To that end, a lot of people deciding to digitize their family film archives are motivated as much by being able to potentially enhance the quality of family memories as they are by the preservation aspect. Annette Turner is one of those people.

Calder Hammond can now play his home movies on a small DVD player, a far cry from the array of different projectors, players and screens he would've had to use to play all the different forms of media in their original formats.
Calder Hammond can now play his home movies on a small DVD player, a far cry from the array of different projectors, players and screens he would've had to use to play all the different forms of media in their original formats.

Sister Turner has an extensive collection of home movies on Super 8mm film. Because the Super 8mm format contains no audio aspect, it is silent. But she had audio recordings taken at the same time as some of her Super 8mm movies, and by going digital she was able to combine the video from those home movies with the pertinent audio recordings. For the movies without any accompanying video, Sister Turner simply selected era-appropriate music to accompany the on-screen action.

"Some of my Super 8's, I had also made an audio (recording) of it," she said. "With that, we were able to sync in the sounds off the tape with what was going on in the screen. I looked at the other films, and then I thought about some of the songs that would fit them well."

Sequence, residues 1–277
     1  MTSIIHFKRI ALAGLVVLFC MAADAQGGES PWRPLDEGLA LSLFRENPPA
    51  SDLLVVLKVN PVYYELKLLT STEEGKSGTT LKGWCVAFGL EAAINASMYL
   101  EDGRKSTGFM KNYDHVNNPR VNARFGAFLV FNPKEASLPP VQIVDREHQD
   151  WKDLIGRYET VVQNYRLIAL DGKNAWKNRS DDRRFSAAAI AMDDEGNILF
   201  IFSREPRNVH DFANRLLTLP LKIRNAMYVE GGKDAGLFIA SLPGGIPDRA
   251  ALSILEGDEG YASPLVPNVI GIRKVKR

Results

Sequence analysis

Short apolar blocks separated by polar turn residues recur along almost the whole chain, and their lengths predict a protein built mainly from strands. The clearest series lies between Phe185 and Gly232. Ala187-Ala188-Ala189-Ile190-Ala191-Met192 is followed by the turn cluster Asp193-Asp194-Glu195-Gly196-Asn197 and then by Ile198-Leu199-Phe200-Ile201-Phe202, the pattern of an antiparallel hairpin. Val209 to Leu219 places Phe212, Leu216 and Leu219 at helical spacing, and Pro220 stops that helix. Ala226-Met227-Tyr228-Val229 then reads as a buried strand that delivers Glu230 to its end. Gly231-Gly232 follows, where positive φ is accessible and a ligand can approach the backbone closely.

Richard Hale of the Murray Utah South Stake is so enthusiastic about digitizing various media sources that he's been able to carve out a business for himself of helping other people digitize their own media libraries. He echoes Sister Turner's sentiment that the right type of narrative can substantially enhance the value of a home movie.

"I had one lady who brought over a bunch of 16mm sound film," he said. "Her husband was in the navy during the Korean War, and we had a bunch of the footage her husband had taken on the boat. It didn't mean a whole lot to see airplanes landing and all of that. So I suggested to her, 'Sit down with your husband and just record a little bit of what's happening.' He did that, and it suddenly became very, very fascinating when you knew why he was there and what was going on."

An added bonus of the digital technology is the convenience of transporting it. Instead of toting around unwieldy film canisters or boxes of photographs, Brother Hammond, Sister Turner and thousands of people like them have digitized large chunks of their respective family media libraries onto CDs and DVDs.

In terms of pure convenience, the net value of transitioning from analog formats to digitial was never more apparent than during a recent visit to Brother Hammond's home. He dug out all the slides, tapes and film reels that used to constitute his family's treasure trove of recorded memories. Then, for the sake of comparison, he breezily waved in the air the half-dozen or so discs that now comprise the bulk of his family media library. As visual images go, it was worth a thousand words – and then some.